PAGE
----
19 November 2014
New survey says Ontario shoppers still rely on printed flyers
TORONTO—A new survey commissioned by Metroland Media—a publisher of community newspapers and flyers—and produced by BrandSpark International—a marketing and product innovation research company—shows that consumers prefer using flyers when making purchasing decisions. In fact 97% of those surveyed said they relied on flyers, and look to print for information about shopping, even those in a younger age group.

"Despite the trend toward online forms of advertising and marketing to consumers, we heard directly from Ontario consumers that they rely on print flyers more than any other medium when looking for deals, gift ideas and making a purchase," Ian Oliver, President of Metroland Media said. "The value in print flyer advertising is real and the research indicates that many consumers view print flyers as indispensable." 

The survey found that print flyers remained a top source for identifying sales, and finding new products. Consumers looked to print flyer advertising more than store websites to research product information and deals (3.3 times more); when comparing price and value (twice as much); while researching the range of products available (1.6 times more) and when researching which store carries a product (1.6 times more).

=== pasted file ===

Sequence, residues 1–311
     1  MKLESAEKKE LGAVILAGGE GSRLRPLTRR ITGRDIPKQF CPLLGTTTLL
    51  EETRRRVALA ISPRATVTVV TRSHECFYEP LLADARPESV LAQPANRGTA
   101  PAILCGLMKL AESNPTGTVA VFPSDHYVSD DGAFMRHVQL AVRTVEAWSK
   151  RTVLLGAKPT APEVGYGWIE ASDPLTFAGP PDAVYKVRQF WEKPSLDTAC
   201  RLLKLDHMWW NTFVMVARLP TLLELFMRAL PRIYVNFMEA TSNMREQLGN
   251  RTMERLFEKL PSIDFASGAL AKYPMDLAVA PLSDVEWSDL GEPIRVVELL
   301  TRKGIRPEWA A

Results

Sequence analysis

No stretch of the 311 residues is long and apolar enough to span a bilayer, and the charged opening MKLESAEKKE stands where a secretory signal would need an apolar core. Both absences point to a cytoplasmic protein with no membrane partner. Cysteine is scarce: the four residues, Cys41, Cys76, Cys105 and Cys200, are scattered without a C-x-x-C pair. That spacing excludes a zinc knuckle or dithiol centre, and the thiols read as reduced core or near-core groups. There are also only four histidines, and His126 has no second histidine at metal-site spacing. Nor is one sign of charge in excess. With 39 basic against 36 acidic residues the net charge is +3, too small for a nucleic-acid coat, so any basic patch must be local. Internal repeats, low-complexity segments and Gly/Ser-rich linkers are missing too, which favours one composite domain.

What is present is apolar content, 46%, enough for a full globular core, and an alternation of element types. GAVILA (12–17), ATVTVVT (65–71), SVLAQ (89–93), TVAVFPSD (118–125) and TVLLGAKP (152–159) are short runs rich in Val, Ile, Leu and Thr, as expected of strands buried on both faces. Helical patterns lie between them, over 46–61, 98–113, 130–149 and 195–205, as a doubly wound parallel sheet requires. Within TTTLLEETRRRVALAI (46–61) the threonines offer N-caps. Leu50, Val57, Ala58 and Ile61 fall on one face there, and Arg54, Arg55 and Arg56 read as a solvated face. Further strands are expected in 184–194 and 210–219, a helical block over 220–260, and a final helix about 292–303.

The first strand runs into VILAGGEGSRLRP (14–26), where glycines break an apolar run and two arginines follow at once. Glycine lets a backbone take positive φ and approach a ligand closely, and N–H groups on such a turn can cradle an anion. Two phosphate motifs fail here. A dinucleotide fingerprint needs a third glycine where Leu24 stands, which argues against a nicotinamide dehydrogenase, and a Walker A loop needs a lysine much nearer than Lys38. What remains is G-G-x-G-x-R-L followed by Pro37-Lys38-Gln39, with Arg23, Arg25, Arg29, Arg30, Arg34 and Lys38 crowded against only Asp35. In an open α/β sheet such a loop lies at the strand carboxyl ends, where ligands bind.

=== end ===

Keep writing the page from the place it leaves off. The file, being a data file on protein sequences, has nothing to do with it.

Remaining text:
Participants also said print flyers helped them discover new products. 71% said they are more likely to visit a store that sends them flyers and 72% said flyers impact their purchase decisions. 51% of those surveyed stated that they have visited a store’s website after reading a flyer.

Highlights from the Ontario consumers surveyed include:

•    97% read flyers (only 3% report 'never' reading flyers)
•    94% of grocery consumers and 88% of mass merchant consumers
      read flyers
•    73% of consumers use flyers to learn about new products
•    Consumers spend more time reading print flyers compared to
      online and email flyers

BrandSpark surveyed 1,814 retail shoppers in Ontario between June 17 and June 27, 2014. Calculated scores have a margin of error + 2.3%, 19 times out of 20. 

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